Study information

A study investigating the use of pharmacogenetics tools in guiding the prescription of psychotropic drugs


Researcher in lab at UCL

In clinical practise, there appears to be a trial-and-error approach to selecting the most appropriate medication for a patient. Often this involves clinicians prescribing two or more antipsychotics in varying dosages before finding one with acceptable efficacy and tolerable side effects. After we take any drug, our body needs to break it down and get it to the desired area and many factors can influence not only this process, but how we respond to it. 

Factors can range from age to environment to genetics. Everyone’s genetic information is different and a genetics-guided approach tailors’ treatment to everyone. It is possible that genetic differences could explain why some patients respond to their treatment better than others and why some patients experience severe side effects.

By running this study, we seek to investigate if genetic profiling can help optimise the prescribing of psychotropic medications and lead to improved clinical outcomes and reduced side effects. This project aims to fill this gap by conducting a study to investigate the use of a pharmacogenetic testing to optimise the management of psychotropic drugs.


Objectives & Aims

Objective: develop a pharmacogenomic intervention in the NHS to guide the prescribing and dosing of antipsychotic drugs.


  • To investigate if genetic testing can help reduce adverse drug reactions
  • Collect feedback from clinicians on the value of the intervention.
  • To evaluate the cost-effectiveness of this intervention

We are inviting people over the age of 18 who have a clinical diagnosis of a mental illness (such as depression, schizophrenia, or bipolar disorder) to take part in this study to help us to understand more about the treatment of these illnesses. Eligible participants must be currently prescribed or soon to be prescribed antipsychotics.

We plan to recruit at least 420 participants.

What does the study involve?

What will happen if I take part?

Once you contact the team, you will be sent an information sheet. This must be read to make an informed decision about whether you want to take part. If you decide you would like to take part, you are then expected to sign a consent form. There could be up to two required visits.

Once you have agreed to take part, you will meet with the study team to complete the baseline assessment. This can be done face to face or by telephone / online methods. At the baseline you are required to complete the consent form, questionnaire and give a DNA sample. You will be assigned a unique trial number that we will use to identify you and your sample.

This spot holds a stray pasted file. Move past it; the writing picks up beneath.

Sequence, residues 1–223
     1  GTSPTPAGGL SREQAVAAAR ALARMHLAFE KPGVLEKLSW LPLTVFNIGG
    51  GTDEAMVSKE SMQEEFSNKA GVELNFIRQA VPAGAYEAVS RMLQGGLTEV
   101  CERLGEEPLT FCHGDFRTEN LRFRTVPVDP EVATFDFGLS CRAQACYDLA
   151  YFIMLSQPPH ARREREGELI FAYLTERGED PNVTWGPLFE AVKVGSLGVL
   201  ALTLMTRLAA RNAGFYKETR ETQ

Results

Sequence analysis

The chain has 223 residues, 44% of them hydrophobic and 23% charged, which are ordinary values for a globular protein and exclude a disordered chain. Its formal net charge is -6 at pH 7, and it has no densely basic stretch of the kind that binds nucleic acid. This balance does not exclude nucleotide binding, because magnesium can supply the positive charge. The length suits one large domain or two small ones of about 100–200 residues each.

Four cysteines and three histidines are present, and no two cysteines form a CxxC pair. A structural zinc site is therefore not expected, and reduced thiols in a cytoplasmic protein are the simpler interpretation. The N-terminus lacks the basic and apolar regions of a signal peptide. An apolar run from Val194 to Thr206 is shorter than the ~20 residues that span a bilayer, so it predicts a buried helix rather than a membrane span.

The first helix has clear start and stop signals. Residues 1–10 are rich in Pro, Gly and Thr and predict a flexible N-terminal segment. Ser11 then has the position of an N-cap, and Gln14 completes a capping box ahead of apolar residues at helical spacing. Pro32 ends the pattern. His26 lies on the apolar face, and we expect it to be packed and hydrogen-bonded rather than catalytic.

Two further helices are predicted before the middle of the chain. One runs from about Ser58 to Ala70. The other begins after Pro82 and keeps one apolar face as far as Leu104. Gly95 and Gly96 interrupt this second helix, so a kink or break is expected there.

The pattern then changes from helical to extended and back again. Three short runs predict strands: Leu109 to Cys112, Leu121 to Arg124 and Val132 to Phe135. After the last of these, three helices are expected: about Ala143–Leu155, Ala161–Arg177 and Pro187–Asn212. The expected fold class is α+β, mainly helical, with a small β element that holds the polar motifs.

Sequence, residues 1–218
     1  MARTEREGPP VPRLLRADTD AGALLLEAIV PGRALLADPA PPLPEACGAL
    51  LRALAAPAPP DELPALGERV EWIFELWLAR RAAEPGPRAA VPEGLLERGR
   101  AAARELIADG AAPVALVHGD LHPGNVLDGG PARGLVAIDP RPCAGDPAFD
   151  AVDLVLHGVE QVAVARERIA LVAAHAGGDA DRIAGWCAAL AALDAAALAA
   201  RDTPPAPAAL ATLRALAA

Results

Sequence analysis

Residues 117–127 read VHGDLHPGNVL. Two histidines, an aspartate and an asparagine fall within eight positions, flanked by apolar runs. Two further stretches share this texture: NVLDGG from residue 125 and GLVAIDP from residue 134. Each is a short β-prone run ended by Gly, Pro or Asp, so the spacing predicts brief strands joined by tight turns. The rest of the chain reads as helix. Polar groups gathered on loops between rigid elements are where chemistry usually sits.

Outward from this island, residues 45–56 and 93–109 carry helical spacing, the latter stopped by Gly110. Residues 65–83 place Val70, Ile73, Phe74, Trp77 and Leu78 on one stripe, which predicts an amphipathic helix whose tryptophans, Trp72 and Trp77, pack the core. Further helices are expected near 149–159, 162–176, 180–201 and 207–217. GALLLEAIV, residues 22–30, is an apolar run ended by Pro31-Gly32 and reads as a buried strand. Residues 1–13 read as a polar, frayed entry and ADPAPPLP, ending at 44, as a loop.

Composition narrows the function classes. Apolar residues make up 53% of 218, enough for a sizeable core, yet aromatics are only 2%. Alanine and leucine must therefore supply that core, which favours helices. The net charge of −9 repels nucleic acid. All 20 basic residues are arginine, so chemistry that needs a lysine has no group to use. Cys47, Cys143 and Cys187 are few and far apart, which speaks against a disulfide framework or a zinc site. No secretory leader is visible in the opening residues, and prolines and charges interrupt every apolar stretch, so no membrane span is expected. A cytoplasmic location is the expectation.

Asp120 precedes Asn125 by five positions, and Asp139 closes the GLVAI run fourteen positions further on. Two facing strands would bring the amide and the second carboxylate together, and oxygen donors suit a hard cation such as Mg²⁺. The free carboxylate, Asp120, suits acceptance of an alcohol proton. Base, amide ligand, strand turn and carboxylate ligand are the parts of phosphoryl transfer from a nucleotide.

The questionnaire consists of questions regarding your medical history, health, and wellbeing. You will be asked to provide either a blood, saliva or mouth swab sample for genetic analysis. A single blood sample of up to 30ml (3 tubes) or a saliva sample of approximately 4ml (1 teaspoon) is taken.

In addition, you will be asked to do an optional blood test; this is to test the levels of three main chemicals in your blood: glucose (blood sugar), cholesterol and prolactin (a hormone that sometimes increases if you take certain medications) and to measure the amount of medication in your blood.

Your doctor will discuss the results of your genetic test with you and explain what they mean. They might use this information to guide how best to treat you, but they might also decide that no changes are necessary. This will always be discussed with you in detail.

Follow-up visit

You will be seen again by the study team about three months after the genetic report is sent to your clinician and discussed with you. This could be done face-to-face or by telephone or through online methods.  Here we will repeat some, but not all, of the tests you had at the baseline visit.

The tests we will do at this visit are a physical examination, questionnaires on your health and well-being, an optional blood test to measure the amount of medication in your blood and to measure glucose, cholesterol, and prolactin levels.